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    Amalia Sillero-Sillero, Adelaida Zabalegui
    Revista Latino-Americana de Enfermagem.2019;[Epub]     CrossRef
  • Rural Hospital Nursing Skill Mix and Work Environment Associated With Frequency of Adverse Events
    Jessica G. Smith, Colin M. Plover, Moira C. McChesney, Eileen T. Lake
    SAGE Open Nursing.2019; 5: 237796081984824.     CrossRef
  • Understanding Implementation of Patient Safety Goals Framework at Inpatient Unit of Ciracas General Hospital, Indonesia
    Aditya Galatama Purwadi, Wahyu Sulistiadi, Al Asyary, Hadiyanto, Budi Warsito, Maryono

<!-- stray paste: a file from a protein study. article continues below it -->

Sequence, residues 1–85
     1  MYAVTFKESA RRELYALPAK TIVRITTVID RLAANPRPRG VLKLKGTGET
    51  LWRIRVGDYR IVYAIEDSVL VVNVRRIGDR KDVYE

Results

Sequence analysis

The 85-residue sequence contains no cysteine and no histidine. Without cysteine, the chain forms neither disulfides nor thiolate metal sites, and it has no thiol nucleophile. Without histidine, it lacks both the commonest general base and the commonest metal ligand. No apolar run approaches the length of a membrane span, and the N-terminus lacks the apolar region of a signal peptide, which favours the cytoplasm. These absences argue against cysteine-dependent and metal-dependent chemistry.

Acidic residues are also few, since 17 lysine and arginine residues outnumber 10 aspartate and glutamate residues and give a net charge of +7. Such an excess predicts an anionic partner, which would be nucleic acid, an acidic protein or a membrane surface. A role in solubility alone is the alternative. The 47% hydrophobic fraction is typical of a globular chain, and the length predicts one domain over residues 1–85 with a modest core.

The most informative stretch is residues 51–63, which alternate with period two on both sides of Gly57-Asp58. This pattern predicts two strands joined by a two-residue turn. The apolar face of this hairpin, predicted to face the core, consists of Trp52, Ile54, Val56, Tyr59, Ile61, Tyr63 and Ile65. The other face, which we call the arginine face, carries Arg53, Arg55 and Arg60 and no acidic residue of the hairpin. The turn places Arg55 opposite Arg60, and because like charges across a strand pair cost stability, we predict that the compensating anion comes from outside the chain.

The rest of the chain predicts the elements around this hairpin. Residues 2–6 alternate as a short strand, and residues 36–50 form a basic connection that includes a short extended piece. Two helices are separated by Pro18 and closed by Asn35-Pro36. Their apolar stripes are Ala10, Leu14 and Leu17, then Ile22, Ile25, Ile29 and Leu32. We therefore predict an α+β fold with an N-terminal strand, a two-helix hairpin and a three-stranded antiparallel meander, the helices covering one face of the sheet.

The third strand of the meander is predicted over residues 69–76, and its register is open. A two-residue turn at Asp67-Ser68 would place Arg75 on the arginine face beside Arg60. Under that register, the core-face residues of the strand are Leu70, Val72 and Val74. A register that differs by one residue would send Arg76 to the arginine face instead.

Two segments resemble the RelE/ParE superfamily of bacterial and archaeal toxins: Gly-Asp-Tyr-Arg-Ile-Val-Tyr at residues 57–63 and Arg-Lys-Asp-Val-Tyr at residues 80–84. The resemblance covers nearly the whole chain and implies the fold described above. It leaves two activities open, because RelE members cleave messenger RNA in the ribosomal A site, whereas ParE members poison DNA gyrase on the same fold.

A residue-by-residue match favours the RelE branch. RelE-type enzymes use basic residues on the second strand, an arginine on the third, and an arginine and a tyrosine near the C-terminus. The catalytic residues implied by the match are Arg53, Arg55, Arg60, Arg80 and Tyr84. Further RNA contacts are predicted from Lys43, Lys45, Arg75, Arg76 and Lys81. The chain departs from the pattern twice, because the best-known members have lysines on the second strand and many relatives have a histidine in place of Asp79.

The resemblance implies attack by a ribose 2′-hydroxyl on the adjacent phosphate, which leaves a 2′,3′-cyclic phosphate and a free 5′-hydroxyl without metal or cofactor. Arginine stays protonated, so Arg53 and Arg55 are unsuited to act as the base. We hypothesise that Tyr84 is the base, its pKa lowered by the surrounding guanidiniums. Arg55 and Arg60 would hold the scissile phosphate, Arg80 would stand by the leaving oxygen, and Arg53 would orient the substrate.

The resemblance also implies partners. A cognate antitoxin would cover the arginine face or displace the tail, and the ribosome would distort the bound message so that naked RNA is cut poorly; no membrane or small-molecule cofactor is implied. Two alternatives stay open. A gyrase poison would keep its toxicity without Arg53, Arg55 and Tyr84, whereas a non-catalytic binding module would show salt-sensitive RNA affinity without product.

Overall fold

E3S Web of Conferences.2019; 125: 17003.     CrossRef
  • Perceptions regarding medication administration errors among hospital staff nurses of South Korea
    Mi-Ae You, Mi-Hyeon Choe, Geun-Ok Park, Sang-Hee Kim, Youn-Jung Son
    International Journal for Quality in Health Care.2015; 27(4): 276.     CrossRef
Influence of the Nursing Practice Environment on Job Satisfaction and Turnover Intention
Sang-Yi Lee, Chul-Woung Kim, Jeong-Hee Kang, Tae-Ho Yoon, Cheoul Sin Kim
J Prev Med Public Health. 2014;47(5):258-265.   Published online September 12, 2014
  • 12,081 View
  • 187 Download
  • 12 Crossref
AbstractAbstract PDF